So…you have a couple of notes that aren’t triggering properly. Don’t panic. Sometimes this happens with seasonal changes or changes in temperature or humidity. We will show you how to adjust the trigger-point of the switch for each key.
This guide will also come in handy if you ever decide to change the sensitivity of your whole pedalboard.
Two things you want to locate before you get started: a Philips (star) screwdriver and your MIDI tester that came with your pedalboard.
The first thing you want to do is to disconnect all the cables and power plugs from the back of the pedalboard. You may find it easier to work on if you stand the pedalboard on its end with the back panel facing up.
Remove the back panel using your screwdriver and put the screws somewhere safe. See below.
Next you can plug in your power supply to the wall and the pedalboard and put your MIDI tester into the “MIDI OUT" plug.
Test the keys to see that the MIDI tester is receiving MIDI signals. You will see a red light blinking on the tester when a note is pressed.
If you do not see a red light when the notes are pressed, check to see that there is power to the pedalboard and that you have the tester plugged into the MIDI OUT.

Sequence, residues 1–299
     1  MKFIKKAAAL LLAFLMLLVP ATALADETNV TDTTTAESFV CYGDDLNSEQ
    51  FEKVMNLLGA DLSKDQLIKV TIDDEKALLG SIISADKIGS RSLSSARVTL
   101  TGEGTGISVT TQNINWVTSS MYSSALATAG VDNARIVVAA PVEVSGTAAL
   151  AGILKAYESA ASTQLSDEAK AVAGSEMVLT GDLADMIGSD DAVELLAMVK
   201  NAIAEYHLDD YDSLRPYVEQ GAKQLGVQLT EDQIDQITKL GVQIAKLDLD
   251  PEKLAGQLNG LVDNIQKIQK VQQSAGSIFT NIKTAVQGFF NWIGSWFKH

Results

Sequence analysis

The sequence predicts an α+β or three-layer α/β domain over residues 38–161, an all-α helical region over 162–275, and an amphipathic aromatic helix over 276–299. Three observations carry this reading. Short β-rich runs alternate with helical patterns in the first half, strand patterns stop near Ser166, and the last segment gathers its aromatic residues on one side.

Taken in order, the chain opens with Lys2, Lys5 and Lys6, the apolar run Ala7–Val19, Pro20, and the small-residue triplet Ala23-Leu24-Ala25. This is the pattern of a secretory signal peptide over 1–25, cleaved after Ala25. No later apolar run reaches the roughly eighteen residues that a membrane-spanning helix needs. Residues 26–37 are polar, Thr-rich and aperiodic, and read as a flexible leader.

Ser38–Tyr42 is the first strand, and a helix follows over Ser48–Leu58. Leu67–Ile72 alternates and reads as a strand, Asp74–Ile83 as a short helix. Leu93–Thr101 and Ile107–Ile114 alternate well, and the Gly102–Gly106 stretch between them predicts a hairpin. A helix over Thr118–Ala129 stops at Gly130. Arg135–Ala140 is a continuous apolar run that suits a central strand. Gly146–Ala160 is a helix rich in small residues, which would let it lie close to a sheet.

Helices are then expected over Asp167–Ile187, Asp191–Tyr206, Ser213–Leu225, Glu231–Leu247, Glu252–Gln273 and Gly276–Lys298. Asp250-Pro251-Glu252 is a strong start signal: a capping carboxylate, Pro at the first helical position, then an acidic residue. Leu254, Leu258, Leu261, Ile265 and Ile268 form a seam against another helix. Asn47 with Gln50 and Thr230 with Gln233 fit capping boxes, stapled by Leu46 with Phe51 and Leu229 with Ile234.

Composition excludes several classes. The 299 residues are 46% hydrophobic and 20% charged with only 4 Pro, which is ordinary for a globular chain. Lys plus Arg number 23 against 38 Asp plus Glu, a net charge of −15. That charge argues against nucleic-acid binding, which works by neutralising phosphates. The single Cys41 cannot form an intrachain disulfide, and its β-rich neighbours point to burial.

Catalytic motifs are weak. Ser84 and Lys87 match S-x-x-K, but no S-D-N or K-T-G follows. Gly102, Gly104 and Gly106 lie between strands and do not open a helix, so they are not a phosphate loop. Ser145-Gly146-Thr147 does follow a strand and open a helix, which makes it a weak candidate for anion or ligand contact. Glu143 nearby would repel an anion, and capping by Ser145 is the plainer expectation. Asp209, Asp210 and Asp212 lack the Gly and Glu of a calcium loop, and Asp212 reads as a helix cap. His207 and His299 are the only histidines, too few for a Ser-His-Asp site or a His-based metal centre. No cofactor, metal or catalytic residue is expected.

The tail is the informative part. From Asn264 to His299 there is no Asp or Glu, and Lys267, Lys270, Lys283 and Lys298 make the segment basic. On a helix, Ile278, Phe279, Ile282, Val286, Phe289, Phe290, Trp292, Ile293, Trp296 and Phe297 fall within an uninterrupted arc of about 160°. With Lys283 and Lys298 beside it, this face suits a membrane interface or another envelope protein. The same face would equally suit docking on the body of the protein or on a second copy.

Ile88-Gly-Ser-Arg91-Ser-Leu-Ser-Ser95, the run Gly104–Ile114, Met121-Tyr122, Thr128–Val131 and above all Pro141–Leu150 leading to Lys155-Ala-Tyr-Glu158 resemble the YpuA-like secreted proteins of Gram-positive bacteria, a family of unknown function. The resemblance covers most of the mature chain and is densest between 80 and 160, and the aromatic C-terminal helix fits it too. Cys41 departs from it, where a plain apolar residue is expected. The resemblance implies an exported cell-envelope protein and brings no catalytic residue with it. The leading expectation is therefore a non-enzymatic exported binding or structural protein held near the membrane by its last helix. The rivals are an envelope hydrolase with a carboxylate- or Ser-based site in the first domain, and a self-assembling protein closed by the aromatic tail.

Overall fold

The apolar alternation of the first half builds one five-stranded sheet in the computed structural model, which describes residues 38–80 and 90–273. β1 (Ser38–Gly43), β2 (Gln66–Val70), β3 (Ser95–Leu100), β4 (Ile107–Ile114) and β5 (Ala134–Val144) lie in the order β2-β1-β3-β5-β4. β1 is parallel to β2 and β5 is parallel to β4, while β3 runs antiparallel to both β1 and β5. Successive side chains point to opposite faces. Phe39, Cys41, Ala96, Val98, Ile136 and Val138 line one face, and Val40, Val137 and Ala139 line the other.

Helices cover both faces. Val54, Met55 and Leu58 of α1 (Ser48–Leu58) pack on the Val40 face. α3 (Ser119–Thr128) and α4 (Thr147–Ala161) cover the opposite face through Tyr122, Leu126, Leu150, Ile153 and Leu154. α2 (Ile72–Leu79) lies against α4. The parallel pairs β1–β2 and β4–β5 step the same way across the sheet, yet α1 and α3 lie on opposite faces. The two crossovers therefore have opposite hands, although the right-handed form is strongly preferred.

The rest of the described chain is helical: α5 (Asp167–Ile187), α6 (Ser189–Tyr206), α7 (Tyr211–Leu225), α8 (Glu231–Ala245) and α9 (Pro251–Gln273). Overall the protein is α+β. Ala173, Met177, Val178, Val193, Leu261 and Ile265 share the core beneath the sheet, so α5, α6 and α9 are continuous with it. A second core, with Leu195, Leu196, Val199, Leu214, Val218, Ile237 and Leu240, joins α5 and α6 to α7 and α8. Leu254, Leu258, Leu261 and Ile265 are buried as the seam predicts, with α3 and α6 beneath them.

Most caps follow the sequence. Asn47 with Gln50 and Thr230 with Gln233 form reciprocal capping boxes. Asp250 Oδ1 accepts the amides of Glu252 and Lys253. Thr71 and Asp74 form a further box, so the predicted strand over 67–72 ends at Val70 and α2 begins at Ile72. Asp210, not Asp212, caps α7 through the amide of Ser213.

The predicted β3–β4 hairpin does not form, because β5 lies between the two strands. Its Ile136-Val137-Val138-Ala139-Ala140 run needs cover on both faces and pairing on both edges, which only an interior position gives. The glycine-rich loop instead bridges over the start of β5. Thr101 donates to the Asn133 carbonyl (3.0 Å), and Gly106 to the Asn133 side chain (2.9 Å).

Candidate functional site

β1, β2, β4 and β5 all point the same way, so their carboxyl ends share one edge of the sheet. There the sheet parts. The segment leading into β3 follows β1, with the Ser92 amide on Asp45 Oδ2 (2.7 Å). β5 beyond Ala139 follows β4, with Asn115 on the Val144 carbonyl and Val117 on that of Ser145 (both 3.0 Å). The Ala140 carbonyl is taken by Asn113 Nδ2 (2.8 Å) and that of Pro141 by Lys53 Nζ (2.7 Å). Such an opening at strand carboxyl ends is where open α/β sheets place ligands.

When you have confirmed that the MIDI tester is receiving MIDI signals, locate the sensor for the key you wish to adjust. Loosen the screw that holds the sensor in place.
Adjust the sensor upward (toward the keys) to make the sensor more sensitive or downward (away from the keys) to make the sensor less sensitive. Use your MIDI tester to identify the desired trigger point.
When you have found your desired trigger point, secure the sensor in place by tightening the screw.
Please note that reed-switches are triggered magnetically. If the sensor is placed too high, it may make it close enough to be triggered by the magnet of an adjacent key.
If you are finding this to be the case, then you will need to adjust the sensor downward.
When all is well, replace the back panel and reconnect to your computer or module. Next Step…. Enjoy!